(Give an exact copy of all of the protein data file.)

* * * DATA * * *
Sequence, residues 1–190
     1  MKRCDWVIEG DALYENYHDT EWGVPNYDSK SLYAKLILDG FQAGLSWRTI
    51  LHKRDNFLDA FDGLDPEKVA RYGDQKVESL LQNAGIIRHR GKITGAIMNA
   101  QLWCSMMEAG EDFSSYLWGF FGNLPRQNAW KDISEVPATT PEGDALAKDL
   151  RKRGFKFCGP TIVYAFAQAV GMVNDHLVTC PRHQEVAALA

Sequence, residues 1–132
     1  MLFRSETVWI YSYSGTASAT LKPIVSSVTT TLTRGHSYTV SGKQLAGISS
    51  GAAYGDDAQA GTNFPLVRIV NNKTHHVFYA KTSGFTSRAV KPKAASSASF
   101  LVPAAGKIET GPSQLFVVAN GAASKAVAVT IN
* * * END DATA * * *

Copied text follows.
Sequence, residues 1–190
     1  MKRCDWVIEG DALYENYHDT EWGVPNYDSK SLYAKLILDG FQAGLSWRTI
    51  LHKRDNFLDA FDGLDPEKVA RYGDQKVESL LQNAGIIRHR GKITGAIMNA
   101  QLWCSMMEAG EDFSSYLWGF FGNLPRQNAW KDISEVPATT PEGDALAKDL
   151  RKRGFKFCGP TIVYAFAQAV GMVNDHLVTC PRHQEVAALA

Sequence, residues 1–132
     1  MLFRSETVWI YSYSGTASAT LKPIVSSVTT TLTRGHSYTV SGKQLAGISS
    51  GAAYGDDAQA GTNFPLVRIV NNKTHHVFYA KTSGFTSRAV KPKAASSASF
   101  LVPAAGKIET GPSQLFVVAN GAASKAVAVT IN